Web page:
I have received a number of questions about woodworking and glue so this segment touched on a few basics of gluing boards together.
What is the difference between white and yellow glue?
Not much in terms of strength. The real difference is that yellow glue will set faster and allow you to remove the clamps quicker to use them for something else. The white glue will give you more time to line up difficult assemblies.
You don't really have to plane boards perfectly square to glue them together with perfect joints, which means you can do it efficiently with a hand plane or a hand held power plane. Mark your boards so you know which is going to glue to which and which side is up on each of them. Then fold two boards together around a joint, clamp them both into a vice and plane them at the same time. Whatever error you make in squareness, is identical in both pieces and they perfectly compliment each other, gluing together with a perfectly flat top surface, as you can see in the graphic.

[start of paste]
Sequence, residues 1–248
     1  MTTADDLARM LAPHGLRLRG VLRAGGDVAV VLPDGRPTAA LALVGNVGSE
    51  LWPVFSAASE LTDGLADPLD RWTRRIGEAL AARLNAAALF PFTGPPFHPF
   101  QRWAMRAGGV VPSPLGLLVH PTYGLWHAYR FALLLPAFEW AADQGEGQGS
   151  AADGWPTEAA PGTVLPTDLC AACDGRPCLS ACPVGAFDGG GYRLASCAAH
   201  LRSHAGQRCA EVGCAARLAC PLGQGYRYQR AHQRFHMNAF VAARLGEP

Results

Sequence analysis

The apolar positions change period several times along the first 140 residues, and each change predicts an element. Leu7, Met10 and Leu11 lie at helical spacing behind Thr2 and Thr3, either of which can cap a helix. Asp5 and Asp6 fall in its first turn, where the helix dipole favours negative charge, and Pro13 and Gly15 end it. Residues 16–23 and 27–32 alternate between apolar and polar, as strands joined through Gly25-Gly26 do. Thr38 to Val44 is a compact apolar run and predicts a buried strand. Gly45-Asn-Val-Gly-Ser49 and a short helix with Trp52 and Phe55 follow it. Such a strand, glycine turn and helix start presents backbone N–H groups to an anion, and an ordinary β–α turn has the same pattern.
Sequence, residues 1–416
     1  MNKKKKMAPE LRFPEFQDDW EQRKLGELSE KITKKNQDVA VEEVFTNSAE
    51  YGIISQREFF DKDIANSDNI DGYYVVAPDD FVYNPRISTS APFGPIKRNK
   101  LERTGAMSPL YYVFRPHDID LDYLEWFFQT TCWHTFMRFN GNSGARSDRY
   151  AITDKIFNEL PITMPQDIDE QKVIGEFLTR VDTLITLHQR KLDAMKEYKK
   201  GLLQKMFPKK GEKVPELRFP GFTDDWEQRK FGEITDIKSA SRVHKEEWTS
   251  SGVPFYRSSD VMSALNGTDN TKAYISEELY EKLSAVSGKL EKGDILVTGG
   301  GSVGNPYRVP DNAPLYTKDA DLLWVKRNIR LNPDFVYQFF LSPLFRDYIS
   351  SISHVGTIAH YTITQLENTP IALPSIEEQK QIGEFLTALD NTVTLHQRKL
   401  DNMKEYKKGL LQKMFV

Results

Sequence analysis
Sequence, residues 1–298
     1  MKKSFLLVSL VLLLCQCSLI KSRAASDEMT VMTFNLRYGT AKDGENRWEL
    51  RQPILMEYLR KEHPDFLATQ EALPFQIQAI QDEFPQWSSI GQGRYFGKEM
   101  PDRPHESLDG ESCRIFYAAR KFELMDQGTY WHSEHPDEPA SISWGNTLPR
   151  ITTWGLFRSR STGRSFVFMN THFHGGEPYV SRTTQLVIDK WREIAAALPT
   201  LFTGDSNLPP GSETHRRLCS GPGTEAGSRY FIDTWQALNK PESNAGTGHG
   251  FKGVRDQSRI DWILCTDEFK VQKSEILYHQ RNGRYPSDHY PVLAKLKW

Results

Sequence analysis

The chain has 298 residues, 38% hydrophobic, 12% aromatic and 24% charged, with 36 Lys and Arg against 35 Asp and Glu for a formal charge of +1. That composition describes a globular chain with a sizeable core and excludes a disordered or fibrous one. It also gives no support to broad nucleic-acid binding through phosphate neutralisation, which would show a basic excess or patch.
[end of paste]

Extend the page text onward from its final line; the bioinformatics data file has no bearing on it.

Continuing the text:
Long boards, like table tops, should not be cut perfectly flat, nor curved like the bottom of a rocking chair. Both of these can cause cracking at the ends of the table top because the end grain at the end of the boards will loose humidity faster than the rest of the board, hence there will be shrinkage all along the end of the table. Ideally they should be just slightly curved so that when the two pieces are put together, they touch on both ends and have a slight gap in the middle. The clamps will pull this gap tight easily, and at the same time put the ends under compression. Now when the ends shrink, the grain will simply relax rather than crack.
Put wax paper over iron clamp rods, especially when gluing up oak because the dripping glue will react with the iron and stain the wood.
Put half your clamps on one side of a glue up panel, and half on the other side, since all clamps tend to buckle a little, which if they are all on one side can cause the assembly to buckle away from the clamps.